26 goblets of water on the wall…

BERKELEY SPRINGS – Twenty-six goblets of water sat before me on a recent Saturday afternoon in Berkeley Springs. I had to drink them all, or at least a gulp of each, and they were just the first flight I had to taste before the 22nd International Water Tasting Competition concluded.

As I had a few times before, I agreed to be a judge for this event that evaluates spring, tap and formulated bottled waters from around the world on their clarity, taste, refreshment and mouth feel.

I spend a good bit of time writing about food, and I cook for the joy of it as well as the sustenance. So I trust my palate. But it’s one thing to write about potables such as wine or beer, which exhibit their characters boldly. The thing about water is that it’s not supposed to taste like anything. And the more it tastes like nothing, the better.

Berkeley Springs is an intelligent choice for siting a water competition. Water is at its founding in the 1700s, as the town of Bath. Water flows from the earth — healing hot springs that Founding Father George Washington famously enjoyed. The stone depression called his “bathtub” remains in Berkeley Springs State Park at the center of town, which has been a spa for centuries since.

Since 1991, Berkeley Springs has invited water purveyors from across the country and around the world to compete for gold, silver and bronze medals that convey bragging rights, and more. Putting a gold seal on a water bottle label means a lot.

Producers of the event say that when Martinsburg’s Tumai water won the gold medal in 2008 for best tasting noncarbonated bottled water, the company’s sales spiked 4,000 percent. This year, a bottler came all the way from China to introduce a new, bottled glacial water to the public.

Tap water, bottled water, fizzy water — all are judged and winners named. The water tasting caps Berkeley Springs Winter Festival of the Waters, a calendar of events that highlight the town’s spa culture, as well as art, music and food. The water tasting that takes place at The Country Inn is the largest of its type in the world.

Bad water is easy enough to identify. Water that smells of sulphur or tastes of chorine isn’t pleasant to drink, and water that looks cloudy or has suspended contaminants doesn’t invite a big swig. But filtered, bottled and packaged water all tastes remarkably like…nothing. Corporate soft drink makers, such as Coca-Cola, which bottles Dasani water, and PepsiCo, which makes Aquafina, formulate water based on precise filtering and mineralization.

Watermaster Arthur von Wiesenberger once again instructed the judges on the chemistry of water. Von Wiesenberger’s palate for water is so precise, he is called to consult for major beverage corporations and maintains a water cellar at his California home the way that others do for wine. His favorite right now, he says, is a sparkling water from Germany with aggressive mineralization that gives a pronounced taste.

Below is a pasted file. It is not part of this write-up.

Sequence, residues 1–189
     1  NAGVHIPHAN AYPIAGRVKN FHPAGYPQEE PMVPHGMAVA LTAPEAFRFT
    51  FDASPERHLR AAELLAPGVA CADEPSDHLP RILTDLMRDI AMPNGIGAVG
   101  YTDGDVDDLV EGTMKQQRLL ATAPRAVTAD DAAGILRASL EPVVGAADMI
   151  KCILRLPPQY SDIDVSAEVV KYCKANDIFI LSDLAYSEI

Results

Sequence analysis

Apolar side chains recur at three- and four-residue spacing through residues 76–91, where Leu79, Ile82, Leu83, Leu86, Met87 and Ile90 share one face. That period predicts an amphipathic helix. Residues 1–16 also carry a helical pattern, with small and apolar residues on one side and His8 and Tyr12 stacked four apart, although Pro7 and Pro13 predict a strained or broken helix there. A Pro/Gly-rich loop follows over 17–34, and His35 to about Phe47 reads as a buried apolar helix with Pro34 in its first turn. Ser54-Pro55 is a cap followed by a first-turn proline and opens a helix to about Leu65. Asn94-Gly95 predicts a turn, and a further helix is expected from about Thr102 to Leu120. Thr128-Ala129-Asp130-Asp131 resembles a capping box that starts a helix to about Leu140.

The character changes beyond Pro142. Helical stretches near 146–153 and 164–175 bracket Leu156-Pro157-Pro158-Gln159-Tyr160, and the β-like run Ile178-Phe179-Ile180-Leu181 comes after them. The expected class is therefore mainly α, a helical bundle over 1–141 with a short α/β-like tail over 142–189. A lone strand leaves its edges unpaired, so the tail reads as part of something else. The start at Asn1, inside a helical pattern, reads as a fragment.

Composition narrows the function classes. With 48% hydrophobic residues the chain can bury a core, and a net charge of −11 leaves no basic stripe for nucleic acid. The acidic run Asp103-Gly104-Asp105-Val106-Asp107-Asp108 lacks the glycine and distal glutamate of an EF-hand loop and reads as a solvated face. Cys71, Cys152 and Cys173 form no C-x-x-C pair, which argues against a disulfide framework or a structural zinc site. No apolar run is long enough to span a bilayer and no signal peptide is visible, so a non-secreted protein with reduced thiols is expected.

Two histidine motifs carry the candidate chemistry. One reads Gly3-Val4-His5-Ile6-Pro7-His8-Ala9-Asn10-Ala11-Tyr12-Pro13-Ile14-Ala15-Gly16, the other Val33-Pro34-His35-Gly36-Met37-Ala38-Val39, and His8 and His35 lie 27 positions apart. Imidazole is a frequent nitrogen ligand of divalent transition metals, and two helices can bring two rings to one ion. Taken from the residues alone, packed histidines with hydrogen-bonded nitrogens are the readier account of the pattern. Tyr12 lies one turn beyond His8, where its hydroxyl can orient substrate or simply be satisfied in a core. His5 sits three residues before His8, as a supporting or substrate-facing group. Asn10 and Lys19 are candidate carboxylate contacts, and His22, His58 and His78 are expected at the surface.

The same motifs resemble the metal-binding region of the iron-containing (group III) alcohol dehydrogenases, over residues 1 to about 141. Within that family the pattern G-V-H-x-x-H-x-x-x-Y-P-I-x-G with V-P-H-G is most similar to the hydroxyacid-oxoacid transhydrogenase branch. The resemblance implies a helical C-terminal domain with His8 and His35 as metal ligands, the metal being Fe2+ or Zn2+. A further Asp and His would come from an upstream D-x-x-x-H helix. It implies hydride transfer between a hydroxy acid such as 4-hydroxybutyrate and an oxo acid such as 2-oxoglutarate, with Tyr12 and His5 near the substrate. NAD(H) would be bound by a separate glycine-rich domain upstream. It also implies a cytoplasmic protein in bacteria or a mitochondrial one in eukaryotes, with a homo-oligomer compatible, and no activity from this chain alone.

There are up to 30 chemicals in municipal tap water, von Wiesenberger said. Chlorine is a typical addititive, used to sanitize water from biocontaminants. Water in New Orleans, for example, has traveled so far down the Mississippi and across the delta, that it is heavily infiltrated with biomatter and therefore, heavily chlorinated.

Von Wiesenberger notified us that we have 100,000 taste buds on our palate. I was going to have to employ every one of mine. Fortunately, I wasn’t alone. There were 10 other judges, and I hoped their collective intelligence would make up for any mistakes I made.

We were advised not to partake of coffee or other beverages during breaks in the judging. Oddly, tasting water makes a judge’s mouth dry. That’s because each little swig washes saliva away, taking with it the mouth’s natural moisture. By the end of a water-tasting session, a judge can be downright thirsty. We were given slightly salty, dry crackers to promote our mouths to remoisturize.

But that’s not all we got. Berkeley Springs is kind to its water judges. A mid-morning brunch at Panorama at the Peak featured house-made cakes, fresh asparagus-and-ham crepes, herb-stuffed potatoes and a parting gift — a tiny frosted chocolate cupcake, boxed to go.

And dinner was sublime. Tari’s Café chef Devin Lucas prepared a tasting menu of seven courses. Starting with a curried butternut squash bisque, the meal progressed through a rice dish called arancini, flavored with saffron; then to a braised duck taco with fire-roasted pablano guacamole; a pan-seared scallop speared with a lardon of bacon; boneless Southern-fried chicken served on a sweet potato biscuit with sawmill gravy and finally a spicy, coffee-rubbed sirloin served over mashed parsnips. And then they brought out dessert.

Water judges who stayed the night in Berkeley Spring were treated to yet another brunch the day after the competition, at the Highlawn Inn.

Groaning after dinner, we made our way back to the judging table to taste two more flights of water. I was positively sloshing when it was all done. Winners of the event, including the winner of the crowd-judged water bottle packaging competition, are at berkeleysprings.com/water.

After the judging came the rush. At the end of the evening, the dozens of carefully, artfully arranged water bottles that make up the event’s décor are up for grabs. And the crowd takes that literally. What takes event organizer Jeanne Mozier hours to arrange takes the crowd minutes to grab and stash.

And then, it’s all over but the mop-up.

—Maggie Wolff Peterson has been writing about the Eastern Panhandle for 30 years.

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